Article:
A Beginner’s Guide to Living with Lactose Intolerance

Note: This sponsored post was written while participating in my partnership with National Dairy Council and One2One Network, but all opinions are my own.

I love breakfast foods, but rarely eat any of them for breakfast. When I first wake up, I can’t handle a heavy meal, so I rely on my daily bowl of cereal. So when I was a teenager & discovered I was suddenly lactose intolerant, I had no idea what to do!

Captain Crunch Peanut Butter Crunch Cereal

Luckily, I quickly discovered that lactose intolerance is a very common condition {about 10% of people have some degree of it} &because of that, options were available. Many dairy products are available in lactose-free versions, such as LACTAID milk {which is what allows me to still wake up to a bowl of Captain Crunch whole wheat cereal}. You can even use LACTAID just like traditional cow’s milk in recipes so you don’t have to give up any of your favorite dishes, either.

Lactose intolerance is not always something you are born with- like I said, I developed it as a teenager. Since it’s not an actual allergy but rather an inability to digest the lactose in dairy products, there is a whole spectrum of levels of sensitivity. I find that I can not tolerate cow’s milk, but that I have no problem with yogurt. I can have cheese and ice cream, but not in large quantities. If you think you might be lactose intolerant, the National Dairy Council suggests some steps you can take to make sure you can still enjoy your favorite foods:

A Beginner's Guide to Lactose Intolerance

• Try It. Opt for lactose-free dairy milk and milk products. They are real dairy milk products, just without the lactose. They taste great and provide the same nutrients as regular dairy foods.
• Sip It. Start with a small amount of milk daily and increase slowly over several days or weeks to determine tolerance.
• Stir It. Mix milk with other foods, such as soups and cereal/oatmeal; blend with fruit or drink milk with meals. Solid foods help slow digestion and allow the body more time to digest lactose.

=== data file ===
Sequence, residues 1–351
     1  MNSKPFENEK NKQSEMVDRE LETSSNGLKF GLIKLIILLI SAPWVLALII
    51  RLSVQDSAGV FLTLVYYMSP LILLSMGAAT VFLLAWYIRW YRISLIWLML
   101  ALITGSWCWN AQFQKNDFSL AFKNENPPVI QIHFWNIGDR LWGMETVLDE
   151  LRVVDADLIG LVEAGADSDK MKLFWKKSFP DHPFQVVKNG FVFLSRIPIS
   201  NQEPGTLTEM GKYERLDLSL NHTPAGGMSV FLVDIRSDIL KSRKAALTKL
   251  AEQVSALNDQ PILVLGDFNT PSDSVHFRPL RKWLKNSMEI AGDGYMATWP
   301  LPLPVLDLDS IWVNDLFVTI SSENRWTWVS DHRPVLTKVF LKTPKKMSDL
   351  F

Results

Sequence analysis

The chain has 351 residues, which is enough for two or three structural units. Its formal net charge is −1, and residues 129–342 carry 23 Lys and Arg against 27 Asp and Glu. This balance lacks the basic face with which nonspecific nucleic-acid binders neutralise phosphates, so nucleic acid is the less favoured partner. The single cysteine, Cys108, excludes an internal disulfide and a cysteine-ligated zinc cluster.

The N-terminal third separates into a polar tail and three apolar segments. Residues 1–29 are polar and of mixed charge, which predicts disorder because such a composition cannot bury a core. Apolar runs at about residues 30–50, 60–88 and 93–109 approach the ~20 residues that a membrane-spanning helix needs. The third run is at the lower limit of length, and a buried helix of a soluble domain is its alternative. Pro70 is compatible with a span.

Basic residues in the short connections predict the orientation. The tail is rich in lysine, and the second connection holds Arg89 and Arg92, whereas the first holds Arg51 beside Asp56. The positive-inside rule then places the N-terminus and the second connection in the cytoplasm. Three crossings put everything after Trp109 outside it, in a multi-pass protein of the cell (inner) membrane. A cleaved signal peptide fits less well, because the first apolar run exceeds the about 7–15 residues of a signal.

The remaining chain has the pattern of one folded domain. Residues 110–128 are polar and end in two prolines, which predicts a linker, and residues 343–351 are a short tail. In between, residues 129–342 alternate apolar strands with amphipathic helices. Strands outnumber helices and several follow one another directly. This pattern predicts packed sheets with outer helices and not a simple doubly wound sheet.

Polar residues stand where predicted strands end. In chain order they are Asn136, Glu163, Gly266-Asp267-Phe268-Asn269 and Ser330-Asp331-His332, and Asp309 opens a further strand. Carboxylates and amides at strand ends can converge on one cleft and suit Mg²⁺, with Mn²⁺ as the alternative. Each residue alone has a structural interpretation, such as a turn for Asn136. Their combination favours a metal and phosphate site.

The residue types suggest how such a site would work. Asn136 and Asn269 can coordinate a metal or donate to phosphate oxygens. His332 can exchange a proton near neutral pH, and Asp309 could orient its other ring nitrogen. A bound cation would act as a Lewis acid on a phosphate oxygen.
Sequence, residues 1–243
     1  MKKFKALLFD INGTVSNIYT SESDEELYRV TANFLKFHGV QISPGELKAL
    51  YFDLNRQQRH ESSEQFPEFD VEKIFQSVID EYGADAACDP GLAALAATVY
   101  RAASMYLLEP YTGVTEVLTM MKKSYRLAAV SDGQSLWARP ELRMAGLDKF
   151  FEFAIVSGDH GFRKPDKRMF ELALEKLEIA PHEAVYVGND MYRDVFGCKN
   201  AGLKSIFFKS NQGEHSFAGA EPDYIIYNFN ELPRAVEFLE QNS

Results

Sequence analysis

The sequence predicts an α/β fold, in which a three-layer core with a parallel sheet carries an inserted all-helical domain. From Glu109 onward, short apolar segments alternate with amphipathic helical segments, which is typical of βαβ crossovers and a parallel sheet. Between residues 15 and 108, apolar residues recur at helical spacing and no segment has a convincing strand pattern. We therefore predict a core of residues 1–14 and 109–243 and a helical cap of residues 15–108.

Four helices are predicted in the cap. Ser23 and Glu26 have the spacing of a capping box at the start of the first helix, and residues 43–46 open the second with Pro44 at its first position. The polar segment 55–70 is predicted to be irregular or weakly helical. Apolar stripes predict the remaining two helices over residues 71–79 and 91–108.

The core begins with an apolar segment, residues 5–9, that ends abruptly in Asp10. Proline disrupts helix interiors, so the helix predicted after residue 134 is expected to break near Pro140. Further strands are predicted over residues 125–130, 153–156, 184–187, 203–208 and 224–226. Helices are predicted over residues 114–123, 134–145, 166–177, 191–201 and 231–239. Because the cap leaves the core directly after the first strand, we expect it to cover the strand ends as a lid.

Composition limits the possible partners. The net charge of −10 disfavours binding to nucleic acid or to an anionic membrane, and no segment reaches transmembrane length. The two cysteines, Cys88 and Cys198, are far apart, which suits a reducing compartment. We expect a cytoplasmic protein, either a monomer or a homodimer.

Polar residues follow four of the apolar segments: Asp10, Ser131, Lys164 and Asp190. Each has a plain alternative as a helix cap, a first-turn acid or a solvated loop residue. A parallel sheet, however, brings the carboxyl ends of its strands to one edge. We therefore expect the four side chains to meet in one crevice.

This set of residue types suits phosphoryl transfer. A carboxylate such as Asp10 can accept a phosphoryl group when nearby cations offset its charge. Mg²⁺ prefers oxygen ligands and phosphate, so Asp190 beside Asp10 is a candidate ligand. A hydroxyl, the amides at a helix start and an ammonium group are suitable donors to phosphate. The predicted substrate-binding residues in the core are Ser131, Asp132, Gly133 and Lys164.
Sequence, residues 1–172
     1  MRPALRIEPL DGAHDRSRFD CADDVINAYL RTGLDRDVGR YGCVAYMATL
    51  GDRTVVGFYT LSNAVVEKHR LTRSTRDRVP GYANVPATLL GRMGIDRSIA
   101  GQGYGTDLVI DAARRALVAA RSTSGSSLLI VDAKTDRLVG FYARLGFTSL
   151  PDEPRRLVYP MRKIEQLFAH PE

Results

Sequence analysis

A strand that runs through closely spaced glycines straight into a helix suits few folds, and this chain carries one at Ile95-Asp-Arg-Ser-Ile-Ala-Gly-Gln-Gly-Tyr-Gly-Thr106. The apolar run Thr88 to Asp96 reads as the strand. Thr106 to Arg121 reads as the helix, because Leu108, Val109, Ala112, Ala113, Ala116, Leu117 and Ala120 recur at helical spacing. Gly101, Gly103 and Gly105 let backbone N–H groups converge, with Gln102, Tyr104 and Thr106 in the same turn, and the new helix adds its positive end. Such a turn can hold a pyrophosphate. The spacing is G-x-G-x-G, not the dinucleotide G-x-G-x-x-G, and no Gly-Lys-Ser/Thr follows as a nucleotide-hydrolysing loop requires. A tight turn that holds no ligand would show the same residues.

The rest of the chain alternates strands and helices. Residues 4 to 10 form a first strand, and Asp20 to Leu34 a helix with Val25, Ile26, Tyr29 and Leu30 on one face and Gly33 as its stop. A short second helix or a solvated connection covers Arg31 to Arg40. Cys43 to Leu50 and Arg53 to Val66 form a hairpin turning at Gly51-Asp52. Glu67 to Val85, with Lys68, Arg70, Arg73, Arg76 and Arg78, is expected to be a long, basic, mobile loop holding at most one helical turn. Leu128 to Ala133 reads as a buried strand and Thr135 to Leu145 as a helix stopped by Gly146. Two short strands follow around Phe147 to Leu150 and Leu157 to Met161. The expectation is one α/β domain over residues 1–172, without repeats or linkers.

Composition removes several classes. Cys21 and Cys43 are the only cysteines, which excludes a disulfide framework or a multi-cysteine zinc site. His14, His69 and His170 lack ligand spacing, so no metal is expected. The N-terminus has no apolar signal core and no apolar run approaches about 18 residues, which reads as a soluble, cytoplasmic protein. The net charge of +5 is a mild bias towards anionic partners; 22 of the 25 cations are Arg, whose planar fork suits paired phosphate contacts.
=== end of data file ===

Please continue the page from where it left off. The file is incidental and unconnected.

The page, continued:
• Slice It. Top sandwiches or crackers with natural cheeses such as Cheddar, Colby,
Monterey Jack, mozzarella and Swiss. These cheeses contain small amounts of lactose.
• Shred It. Shred your favorite natural cheese onto veggies, pastas and salads. It’s an
easy way to get the nutrients and benefits of dairy and it contains minimal amounts of
• Spoon It. Enjoy easy-to-digest yogurt. The live and active cultures in yogurt – both
regular and Greek style – help to digest lactose.

If you’re just developing your intolerance, it might also help to keep a food journal {download one for free here} to track what symptoms you get after eating certain foods. You don’t need to cut out dairy entirely- and shouldn’t, because it’s important for a balanced diet and most dairy products are a great source of calcium & several different vitamins. {&A world without ice cream is not one I want to live in!}

Lactose Intolerance: 5 things you need to know

{Click to enlarge}

To learn more about lactose intolerance, be sure to check out the National Dairy Council’s resource page!

Do you know someone who is lactose intolerant?


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  1. says

    AS I’ve gotten older I’ve discovered that I have slight intolerance for lactose and have greatly reduced the amount of dairy I consume, otherwise, depending on what I eat, I fee l miserable afterward. I’ve never really tried any of the lactose-free dairy products because I was under the assumption they weren’t “real” dairy, but after reading your infographic, I might try something like Lactaid and see how I like it.
    Audrey at Barking Mad! recently posted..Johnny’s Not a Bad Kid, He Just Wasn’t Diagnosed Properly #preventFASD

  2. says

    I avoid milk and try my best to avoid anything with milk in it much as possible. I’m very lactose intolerant – I break out really bad and get so bloated – definitely not fun! Like you, I developed this when I was a teenager (used to love the heck out of milk). The same goes for soy products, but I have found that flaxseed milk works the best for me.
    HilLesha recently posted..Wanderlust for “Tropical” Pies

  3. says

    This is really great info! I’m a labor doula, and I find that a lot of my clients, even though they aren’t lactose intolerant, when they breastfeed, they find out their little ones are, so they have to cut back. Thank you for posting this!

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